Yesterday was one of those dimly lit days in Austin, with a light drizzle from dawn to dusk. And my Valentine’s Day tulips struggled to last the full week. I’m not complaining – we can certainly use any amount of wet in our streams and lakes, and I’ve been thrilled to have the tulips for however long they make it. We don’t get much winter here in Texas, so I’m always grateful for the days that offer an excuse to watch old movies or straighten up my office or just read a book. My husband watched a marathon of games on the soccer channel. To each his own.
Maybe the best thing about such days is that I can head to the kitchen and – without an ounce of guilt – root around for something new to cook. I checked the fridge contents for inspiration and realized that my Meyer lemons were nearing the same state as the tulips – looking a little peaked, as my Louisiana grandmother would have said. Must be time to make lemon curd.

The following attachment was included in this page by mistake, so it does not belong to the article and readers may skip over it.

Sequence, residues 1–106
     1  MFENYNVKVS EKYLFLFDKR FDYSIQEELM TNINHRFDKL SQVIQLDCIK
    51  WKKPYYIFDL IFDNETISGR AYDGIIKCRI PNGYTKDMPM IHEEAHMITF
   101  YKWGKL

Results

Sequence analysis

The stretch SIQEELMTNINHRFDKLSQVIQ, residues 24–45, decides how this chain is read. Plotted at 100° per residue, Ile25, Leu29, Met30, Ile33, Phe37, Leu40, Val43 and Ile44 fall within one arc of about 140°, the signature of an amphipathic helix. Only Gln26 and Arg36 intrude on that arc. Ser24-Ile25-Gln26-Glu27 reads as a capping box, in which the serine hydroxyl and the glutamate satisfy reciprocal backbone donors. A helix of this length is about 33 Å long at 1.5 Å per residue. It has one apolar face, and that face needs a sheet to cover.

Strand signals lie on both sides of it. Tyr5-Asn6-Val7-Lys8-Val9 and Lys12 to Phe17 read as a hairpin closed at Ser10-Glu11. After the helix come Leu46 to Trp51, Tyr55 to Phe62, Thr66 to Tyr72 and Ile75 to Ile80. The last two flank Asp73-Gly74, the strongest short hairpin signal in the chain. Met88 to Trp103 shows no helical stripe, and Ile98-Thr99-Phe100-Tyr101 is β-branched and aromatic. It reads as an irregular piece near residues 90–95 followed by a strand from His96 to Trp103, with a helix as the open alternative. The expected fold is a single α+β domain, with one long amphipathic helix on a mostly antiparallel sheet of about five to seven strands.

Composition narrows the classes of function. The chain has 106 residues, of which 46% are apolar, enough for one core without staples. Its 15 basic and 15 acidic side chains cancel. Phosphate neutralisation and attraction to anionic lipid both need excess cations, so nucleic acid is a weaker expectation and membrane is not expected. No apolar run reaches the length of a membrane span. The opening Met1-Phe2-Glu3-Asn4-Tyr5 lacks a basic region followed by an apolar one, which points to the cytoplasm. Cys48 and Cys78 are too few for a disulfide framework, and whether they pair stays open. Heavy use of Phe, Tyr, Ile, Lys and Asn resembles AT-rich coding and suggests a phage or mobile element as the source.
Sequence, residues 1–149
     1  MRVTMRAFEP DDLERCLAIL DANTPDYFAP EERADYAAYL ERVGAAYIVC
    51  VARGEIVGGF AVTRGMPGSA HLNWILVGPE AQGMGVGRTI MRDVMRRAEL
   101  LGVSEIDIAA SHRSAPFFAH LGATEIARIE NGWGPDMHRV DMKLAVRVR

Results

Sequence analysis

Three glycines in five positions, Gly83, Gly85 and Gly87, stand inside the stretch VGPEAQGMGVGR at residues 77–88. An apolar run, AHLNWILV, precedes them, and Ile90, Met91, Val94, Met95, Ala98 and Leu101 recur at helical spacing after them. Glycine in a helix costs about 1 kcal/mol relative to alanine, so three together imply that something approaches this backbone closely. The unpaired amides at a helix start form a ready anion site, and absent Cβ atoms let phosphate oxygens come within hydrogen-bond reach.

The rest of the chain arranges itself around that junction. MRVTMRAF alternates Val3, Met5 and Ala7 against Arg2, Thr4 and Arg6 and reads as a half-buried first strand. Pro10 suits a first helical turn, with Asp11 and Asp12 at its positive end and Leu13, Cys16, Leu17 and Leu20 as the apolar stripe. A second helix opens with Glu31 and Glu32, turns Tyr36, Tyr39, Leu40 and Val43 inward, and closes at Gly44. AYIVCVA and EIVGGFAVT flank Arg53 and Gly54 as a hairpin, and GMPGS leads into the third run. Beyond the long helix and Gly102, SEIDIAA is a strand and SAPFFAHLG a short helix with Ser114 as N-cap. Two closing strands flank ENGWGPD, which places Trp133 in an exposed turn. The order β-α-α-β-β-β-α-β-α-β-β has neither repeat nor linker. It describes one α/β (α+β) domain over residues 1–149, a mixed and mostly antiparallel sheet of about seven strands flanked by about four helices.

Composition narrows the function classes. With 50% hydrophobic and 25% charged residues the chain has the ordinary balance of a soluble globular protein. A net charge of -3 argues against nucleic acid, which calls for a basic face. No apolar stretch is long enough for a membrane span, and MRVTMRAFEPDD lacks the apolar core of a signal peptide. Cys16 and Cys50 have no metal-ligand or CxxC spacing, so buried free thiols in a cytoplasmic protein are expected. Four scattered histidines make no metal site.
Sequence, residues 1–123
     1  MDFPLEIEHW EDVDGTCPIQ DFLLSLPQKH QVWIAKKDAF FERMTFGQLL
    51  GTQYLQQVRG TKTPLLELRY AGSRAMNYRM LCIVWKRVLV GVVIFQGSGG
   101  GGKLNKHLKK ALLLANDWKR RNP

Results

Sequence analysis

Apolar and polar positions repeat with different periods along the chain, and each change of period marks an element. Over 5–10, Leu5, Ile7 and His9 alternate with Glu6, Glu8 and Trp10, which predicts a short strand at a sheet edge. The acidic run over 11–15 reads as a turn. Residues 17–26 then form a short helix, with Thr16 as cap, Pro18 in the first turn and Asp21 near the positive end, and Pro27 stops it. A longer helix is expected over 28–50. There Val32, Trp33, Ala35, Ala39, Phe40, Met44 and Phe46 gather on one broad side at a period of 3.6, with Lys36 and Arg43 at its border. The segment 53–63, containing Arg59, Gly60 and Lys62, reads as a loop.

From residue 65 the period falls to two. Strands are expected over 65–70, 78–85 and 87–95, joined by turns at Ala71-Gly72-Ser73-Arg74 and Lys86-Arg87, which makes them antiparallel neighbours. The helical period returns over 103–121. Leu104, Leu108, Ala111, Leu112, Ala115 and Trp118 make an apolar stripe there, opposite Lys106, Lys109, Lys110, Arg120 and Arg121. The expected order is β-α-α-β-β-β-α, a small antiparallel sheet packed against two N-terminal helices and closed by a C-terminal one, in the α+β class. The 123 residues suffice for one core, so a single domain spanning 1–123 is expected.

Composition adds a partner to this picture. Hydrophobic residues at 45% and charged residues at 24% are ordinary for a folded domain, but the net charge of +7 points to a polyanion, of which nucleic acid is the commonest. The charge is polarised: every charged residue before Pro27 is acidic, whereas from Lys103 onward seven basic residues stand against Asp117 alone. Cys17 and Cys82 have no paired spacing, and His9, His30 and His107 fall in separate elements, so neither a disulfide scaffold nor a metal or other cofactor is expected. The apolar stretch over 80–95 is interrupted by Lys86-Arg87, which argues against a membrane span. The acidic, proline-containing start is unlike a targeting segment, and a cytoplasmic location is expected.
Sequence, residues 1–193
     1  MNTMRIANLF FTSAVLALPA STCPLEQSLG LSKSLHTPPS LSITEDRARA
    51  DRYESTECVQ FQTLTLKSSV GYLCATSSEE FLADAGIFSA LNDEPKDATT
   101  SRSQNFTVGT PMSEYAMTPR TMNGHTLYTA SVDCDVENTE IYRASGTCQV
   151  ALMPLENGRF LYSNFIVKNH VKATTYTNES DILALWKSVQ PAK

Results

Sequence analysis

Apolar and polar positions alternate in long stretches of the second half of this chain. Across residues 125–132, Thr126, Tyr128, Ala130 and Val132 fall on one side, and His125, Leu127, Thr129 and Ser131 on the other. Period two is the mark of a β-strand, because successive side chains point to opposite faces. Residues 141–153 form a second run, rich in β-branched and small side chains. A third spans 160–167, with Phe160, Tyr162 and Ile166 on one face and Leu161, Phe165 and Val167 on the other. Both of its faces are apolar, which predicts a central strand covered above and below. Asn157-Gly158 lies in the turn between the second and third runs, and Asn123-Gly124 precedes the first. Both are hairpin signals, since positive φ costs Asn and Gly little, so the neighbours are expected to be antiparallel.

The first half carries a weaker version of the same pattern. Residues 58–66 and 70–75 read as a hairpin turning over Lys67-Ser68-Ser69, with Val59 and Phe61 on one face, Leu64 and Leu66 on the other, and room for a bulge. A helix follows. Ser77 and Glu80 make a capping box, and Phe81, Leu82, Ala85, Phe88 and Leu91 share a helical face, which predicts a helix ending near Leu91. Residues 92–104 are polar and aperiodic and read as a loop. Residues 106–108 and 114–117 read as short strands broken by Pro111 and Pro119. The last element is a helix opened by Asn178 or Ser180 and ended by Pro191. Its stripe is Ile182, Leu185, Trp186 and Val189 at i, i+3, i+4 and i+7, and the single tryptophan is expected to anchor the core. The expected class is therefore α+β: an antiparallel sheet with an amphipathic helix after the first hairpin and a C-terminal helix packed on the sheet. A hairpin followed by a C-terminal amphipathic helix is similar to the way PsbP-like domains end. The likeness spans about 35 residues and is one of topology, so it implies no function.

I have a tiny Meyer lemon tree that squeaked out 11 yellow orbs this year – not bad for a plant its size. But my wonderful neighbor, Lynne, has two trees not much bigger than mine, and hers produced a bumper crop. I have to find out her secret. To manage her bounty, she squeezes a bunch and freezes it into ice cubes, giving her a source of fresh juice that lasts at least through spring; still, she had oodles left over, so she gave me some. What a good neighbor – better than State Farm any day if you ask me.